8. Too much food is better than too little, so make extra of things you don’t mind eating later or freezing. I tend to make plenty rice and freeze the leftovers for quick lunches and dinners. Don’t be afraid to send people home with food too! I’ve made some of my guests that are still in school some very happy campers that way.

9. This is a great time to get rid of the random food lingering in your fridge or in your pantry, so take advantage of that! Roasted assorted “aspirational veggies” always go over well at my house.

10. The crock pot is your best friend. Always.


Here’s an example of a relaxed dinner party for 5:


Brown rice (a Costco bag of it goes a long, long way)




Roasted bell peppers, onion & garlic (Leave the 4 peppers whole, quarter the onion, peel the garlic, put on a pan at 400 for 40 minutes & flip halfway through. Spray with some sort of oil if you’re feeling all fancy.)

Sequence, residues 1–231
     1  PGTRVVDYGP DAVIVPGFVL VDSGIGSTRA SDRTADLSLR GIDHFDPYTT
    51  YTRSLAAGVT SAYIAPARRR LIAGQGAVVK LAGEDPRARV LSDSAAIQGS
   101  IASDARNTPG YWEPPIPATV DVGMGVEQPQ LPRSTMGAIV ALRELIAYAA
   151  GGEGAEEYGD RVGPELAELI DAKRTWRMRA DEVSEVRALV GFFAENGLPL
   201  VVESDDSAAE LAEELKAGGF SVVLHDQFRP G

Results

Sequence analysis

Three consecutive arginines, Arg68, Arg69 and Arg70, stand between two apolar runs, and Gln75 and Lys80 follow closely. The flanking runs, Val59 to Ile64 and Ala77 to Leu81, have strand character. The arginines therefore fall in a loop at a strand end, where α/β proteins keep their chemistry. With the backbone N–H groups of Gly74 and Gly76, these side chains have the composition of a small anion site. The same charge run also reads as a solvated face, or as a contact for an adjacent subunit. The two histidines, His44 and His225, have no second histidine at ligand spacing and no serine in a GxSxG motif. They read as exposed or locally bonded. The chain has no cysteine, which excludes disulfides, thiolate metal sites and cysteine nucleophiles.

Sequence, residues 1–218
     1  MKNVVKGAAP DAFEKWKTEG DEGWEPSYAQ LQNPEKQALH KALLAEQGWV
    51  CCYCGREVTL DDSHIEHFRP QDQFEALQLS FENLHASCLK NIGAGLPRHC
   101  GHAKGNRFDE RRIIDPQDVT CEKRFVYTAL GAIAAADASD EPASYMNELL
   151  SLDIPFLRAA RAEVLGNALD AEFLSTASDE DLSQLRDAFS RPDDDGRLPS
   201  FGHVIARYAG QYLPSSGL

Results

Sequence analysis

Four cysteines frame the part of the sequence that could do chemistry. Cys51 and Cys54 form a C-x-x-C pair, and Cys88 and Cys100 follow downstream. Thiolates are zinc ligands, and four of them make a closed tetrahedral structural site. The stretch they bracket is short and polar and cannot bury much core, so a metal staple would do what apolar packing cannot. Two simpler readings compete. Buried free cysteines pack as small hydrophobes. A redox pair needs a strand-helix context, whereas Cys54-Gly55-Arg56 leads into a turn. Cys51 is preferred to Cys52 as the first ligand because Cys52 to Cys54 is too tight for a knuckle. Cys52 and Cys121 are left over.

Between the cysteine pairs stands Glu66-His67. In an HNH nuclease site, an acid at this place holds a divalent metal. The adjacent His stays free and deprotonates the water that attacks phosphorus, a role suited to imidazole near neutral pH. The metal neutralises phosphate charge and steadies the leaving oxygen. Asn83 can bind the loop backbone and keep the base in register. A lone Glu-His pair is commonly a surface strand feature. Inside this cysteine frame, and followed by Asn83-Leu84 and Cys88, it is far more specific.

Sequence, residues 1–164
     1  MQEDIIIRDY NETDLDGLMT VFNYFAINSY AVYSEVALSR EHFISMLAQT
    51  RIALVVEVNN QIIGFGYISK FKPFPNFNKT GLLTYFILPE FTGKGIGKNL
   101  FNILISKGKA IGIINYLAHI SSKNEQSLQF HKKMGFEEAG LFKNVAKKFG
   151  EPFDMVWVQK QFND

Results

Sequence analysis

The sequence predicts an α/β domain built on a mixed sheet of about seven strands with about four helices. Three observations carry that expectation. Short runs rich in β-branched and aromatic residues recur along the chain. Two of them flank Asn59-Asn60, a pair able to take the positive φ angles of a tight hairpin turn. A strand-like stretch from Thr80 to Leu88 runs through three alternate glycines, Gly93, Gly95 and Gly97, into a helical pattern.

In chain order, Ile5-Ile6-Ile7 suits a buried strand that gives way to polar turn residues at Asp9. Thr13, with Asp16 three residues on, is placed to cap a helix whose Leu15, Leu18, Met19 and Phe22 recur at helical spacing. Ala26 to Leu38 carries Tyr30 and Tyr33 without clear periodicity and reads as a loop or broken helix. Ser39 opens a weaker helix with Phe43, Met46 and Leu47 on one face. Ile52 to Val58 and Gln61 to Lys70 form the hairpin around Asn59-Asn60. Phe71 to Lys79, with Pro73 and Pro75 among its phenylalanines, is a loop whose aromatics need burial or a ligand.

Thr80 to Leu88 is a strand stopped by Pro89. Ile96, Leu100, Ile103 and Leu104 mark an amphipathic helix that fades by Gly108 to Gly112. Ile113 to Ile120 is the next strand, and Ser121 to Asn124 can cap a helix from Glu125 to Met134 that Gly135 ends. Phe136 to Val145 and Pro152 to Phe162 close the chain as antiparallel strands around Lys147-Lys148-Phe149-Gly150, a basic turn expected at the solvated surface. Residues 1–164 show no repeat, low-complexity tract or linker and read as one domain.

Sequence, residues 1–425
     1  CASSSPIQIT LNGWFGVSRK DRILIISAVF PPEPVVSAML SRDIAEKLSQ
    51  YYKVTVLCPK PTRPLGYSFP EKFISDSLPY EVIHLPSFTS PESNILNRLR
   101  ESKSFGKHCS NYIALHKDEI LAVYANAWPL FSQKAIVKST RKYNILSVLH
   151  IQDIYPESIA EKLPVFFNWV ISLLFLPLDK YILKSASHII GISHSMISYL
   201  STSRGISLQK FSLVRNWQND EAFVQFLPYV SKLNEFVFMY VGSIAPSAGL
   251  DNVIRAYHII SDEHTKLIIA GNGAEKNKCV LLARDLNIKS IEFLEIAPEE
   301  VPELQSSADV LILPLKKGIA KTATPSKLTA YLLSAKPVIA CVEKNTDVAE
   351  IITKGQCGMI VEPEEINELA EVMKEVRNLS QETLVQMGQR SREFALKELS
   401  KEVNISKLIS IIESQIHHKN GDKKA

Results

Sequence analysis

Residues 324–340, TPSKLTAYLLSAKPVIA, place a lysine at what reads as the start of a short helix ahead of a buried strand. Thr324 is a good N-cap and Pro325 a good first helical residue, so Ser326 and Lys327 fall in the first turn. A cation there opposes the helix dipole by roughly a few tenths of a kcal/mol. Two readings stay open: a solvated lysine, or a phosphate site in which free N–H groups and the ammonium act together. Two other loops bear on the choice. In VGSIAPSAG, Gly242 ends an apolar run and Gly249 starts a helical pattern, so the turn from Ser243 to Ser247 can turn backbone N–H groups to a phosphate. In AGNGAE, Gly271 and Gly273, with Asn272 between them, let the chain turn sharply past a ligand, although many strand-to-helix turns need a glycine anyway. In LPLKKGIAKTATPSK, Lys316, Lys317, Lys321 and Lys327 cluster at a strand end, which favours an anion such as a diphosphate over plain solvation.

Crock pot Mexican beef (Hunk of beef. Whatever spices you have that are vaguely Mexican like chili powder and adobo in a totally eyeballed amount. Water to almost cover it. Set to low until you get home. Separate with forks.)




Lettuce (Chop those leaves up a bit. Tear ’em if you’re super lazy.)


Screen Shot 2016-08-20 at 10.01.15 PM


Spiced black & kidney beans (Two cans of beans rinsed + those same Mexican spices in a pot for a few to warm them up.)



A loaf of to-die-for bread my friend made (Find some rad friends!)


 Screen Shot 2016-08-20 at 10.08.34 PM


Altogether, it was 2 minutes of prep in the morning, 10 when I got home, and ready an hour later. Plus lunch the rest of the week!


Now, if you’re looking for how to host an elegant black tie dinner for 8, I’ll be posting about that down the road. 😉